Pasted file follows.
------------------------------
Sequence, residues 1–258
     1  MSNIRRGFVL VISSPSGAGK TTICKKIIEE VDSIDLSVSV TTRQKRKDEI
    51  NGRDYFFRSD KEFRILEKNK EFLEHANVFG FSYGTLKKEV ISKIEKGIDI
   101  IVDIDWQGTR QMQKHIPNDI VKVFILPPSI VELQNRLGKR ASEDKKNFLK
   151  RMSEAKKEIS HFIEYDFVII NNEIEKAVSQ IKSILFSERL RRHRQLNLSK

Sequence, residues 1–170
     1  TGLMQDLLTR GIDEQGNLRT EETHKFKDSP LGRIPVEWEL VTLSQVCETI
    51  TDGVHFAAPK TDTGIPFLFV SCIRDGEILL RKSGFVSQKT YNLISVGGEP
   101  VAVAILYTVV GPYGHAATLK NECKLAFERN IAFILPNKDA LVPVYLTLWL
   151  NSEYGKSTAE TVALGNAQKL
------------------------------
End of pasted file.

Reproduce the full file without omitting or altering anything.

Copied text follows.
Sequence, residues 1–258
     1  MSNIRRGFVL VISSPSGAGK TTICKKIIEE VDSIDLSVSV TTRQKRKDEI
    51  NGRDYFFRSD KEFRILEKNK EFLEHANVFG FSYGTLKKEV ISKIEKGIDI
   101  IVDIDWQGTR QMQKHIPNDI VKVFILPPSI VELQNRLGKR ASEDKKNFLK
   151  RMSEAKKEIS HFIEYDFVII NNEIEKAVSQ IKSILFSERL RRHRQLNLSK

Sequence, residues 1–170
     1  TGLMQDLLTR GIDEQGNLRT EETHKFKDSP LGRIPVEWEL VTLSQVCETI
    51  TDGVHFAAPK TDTGIPFLFV SCIRDGEILL RKSGFVSQKT YNLISVGGEP
   101  VAVAILYTVV GPYGHAATLK NECKLAFERN IAFILPNKDA LVPVYLTLWL
   151  NSEYGKSTAE TVALGNAQKL